Having a debt in collections can eat away at your credit score by 100 points. Keep in mind, that these new changes will not erase medical debt. You're still responsible for paying it off. 

What You Need To Know

The three primary credit repositories (Equifax, Experian and TransUnion) have agreed to changes that will wipe approximately 70% of medical collection debt from consumers' credit files. Here's what you need to know.

As of July 1, 2022:

  1. Medical collection debt will be removed from credit reports after it has been paid. Typically, debt sent to a collection agency remains on a report up to seven years.

  2. Negative reporting for unpaid accounts will appear on reports only after 12 months have passed. This gives consumers extra time to finalize questions with providers and insurers before the debt affects their credit rating.

  3. Medical collection accounts below $500 will not be included on reports at all.

Bottom Line

If you or someone you care about has been denied credit or paid more due to a low credit score impacted by medical collection debt, it may be time to try again.

Please reach out with questions or to see if these changes may improve your credit scores. And if you know of anyone else who could benefit, please pass the information along or let us know. The Greenway Team is happy to help.


Many homeowners refinance to pay off debt that has built up over time, such as credit cards and auto loans. If you find yourself struggling with high-interest debt, you’re not alone. According to Experian, the average American household has $92,727 in personal debt.

For homeowners, the good news is that you can use a cash-out refinance to pay off debt. With a cash-out refinance homeowners get a mortgage for more than they owe on the home. In turn, they can take the difference in cash and pay off high-interest debt with it, which helps them to save more money over the long term.

Mortgage interest rates can be an amazing bargain compared to consumer and installment rates. Total interest, total term, and cash flow savings can be significant with the right plan.

Consolidating multiple debts into one home loan is not for everyone. For instance, using your equity to have the equivalent of a 30-year car loan is rarely a great idea. But it may work if you have the discipline to take advantage of a low rate to speed up—rather than slow down—payment terms. Consolidation can make debts disappear with less total interest expense than they would otherwise.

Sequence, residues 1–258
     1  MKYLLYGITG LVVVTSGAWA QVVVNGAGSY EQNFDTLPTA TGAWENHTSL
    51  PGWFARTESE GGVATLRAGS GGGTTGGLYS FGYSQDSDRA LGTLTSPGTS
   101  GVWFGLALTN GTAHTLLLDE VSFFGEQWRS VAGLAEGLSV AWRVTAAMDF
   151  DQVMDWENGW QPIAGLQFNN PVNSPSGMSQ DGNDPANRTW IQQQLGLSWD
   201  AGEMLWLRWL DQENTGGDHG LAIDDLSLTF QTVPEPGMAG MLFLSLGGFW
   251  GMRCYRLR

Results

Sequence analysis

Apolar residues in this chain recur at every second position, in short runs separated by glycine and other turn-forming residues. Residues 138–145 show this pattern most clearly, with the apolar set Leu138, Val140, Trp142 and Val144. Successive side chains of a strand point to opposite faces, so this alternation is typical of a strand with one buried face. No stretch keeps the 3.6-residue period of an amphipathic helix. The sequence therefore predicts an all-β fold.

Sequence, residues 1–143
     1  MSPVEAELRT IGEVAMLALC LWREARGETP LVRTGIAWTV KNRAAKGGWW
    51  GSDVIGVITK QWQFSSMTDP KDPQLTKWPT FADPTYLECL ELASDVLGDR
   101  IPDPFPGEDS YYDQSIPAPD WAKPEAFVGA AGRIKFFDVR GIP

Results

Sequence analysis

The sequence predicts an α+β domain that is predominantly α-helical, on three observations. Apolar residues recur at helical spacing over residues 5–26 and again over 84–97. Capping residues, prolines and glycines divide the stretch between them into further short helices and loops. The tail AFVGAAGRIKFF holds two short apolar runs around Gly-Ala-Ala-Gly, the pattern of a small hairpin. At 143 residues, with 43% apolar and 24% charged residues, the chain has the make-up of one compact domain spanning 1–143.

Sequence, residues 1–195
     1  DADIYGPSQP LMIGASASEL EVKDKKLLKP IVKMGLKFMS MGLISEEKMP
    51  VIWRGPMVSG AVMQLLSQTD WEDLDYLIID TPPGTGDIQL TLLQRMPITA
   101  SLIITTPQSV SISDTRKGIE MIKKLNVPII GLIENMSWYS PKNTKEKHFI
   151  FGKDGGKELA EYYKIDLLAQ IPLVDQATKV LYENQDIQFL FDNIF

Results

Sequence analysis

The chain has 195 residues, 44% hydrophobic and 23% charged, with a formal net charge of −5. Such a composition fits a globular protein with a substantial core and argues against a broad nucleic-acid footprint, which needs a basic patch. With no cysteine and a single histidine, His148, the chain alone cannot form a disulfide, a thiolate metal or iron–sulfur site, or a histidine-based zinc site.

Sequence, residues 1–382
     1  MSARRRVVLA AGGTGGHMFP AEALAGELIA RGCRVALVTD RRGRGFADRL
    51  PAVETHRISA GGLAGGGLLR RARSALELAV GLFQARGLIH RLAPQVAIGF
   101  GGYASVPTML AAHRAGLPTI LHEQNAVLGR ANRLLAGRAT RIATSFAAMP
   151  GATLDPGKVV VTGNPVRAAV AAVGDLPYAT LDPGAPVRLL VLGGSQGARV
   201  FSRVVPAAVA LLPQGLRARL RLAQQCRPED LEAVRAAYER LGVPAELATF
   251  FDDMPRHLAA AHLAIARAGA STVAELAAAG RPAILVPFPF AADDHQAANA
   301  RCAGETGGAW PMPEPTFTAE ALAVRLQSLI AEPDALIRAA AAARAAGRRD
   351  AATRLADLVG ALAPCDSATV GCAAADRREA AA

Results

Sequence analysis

Homeowners’ Equity is On the Rise

Now could be a great time to cash-out home equity and pay off debts. According to CoreLogic, equity levels rose by nearly 30% between 2020 and 2021. Plus, believe it or not, mortgage rates are still low. Qualified homeowners may be able to significantly lower their debt payments and increase their monthly cash flow by using a cash-out refinance.

Homeowners looking to refinance to pay off debt must make sure they have enough equity. For instance, if 80% of the home’s value is owed after you refi, you’ll have to buy mortgage insurance. This is something you’ll want to avoid.

How to Calculate Your Loan to Value (LTV)

How is an LTV calculated?  Simply divide your current mortgage balance by the approximate value of your home to get your loan to value ratio.

How to Qualify for A Cash-Out Refinance

Lenders usually check to see that you have a credit score of 620 or higher and enough equity in your home that you can keep 20% equity after the refinance.

Reason to Use a Cash-Out Refinance to Consolidate Debt

One of the main reasons homeowners consider using a cash-out refinance to consolidate debt is that you can typically get a lower rate on a mortgage loan than you can with personal loans. Some other benefits can include:

  • Paying off high-interest debt faster
  • Frees up extra cash for other expenses
  • Consolidating debt makes it easier to manage monthly payments
  • Mortgage Interest may be tax-deductible (always consult a tax or financial planning professional to discuss your specific situation)

Bottom Line:

If you have high-interest debt hanging around and eating away at your monthly budget, a cash-out refinance may be the solution you’re looking for. This will allow you to reduce your monthly payments but also frees up extra money for living expenses, savings, and beyond.

Questions?

Talking about your options with a member of our dedicated loan team can help you make the best decision for your specific scenario. Speak with one of our expert Loan Officers to explore what a good consolidation plan could mean for you.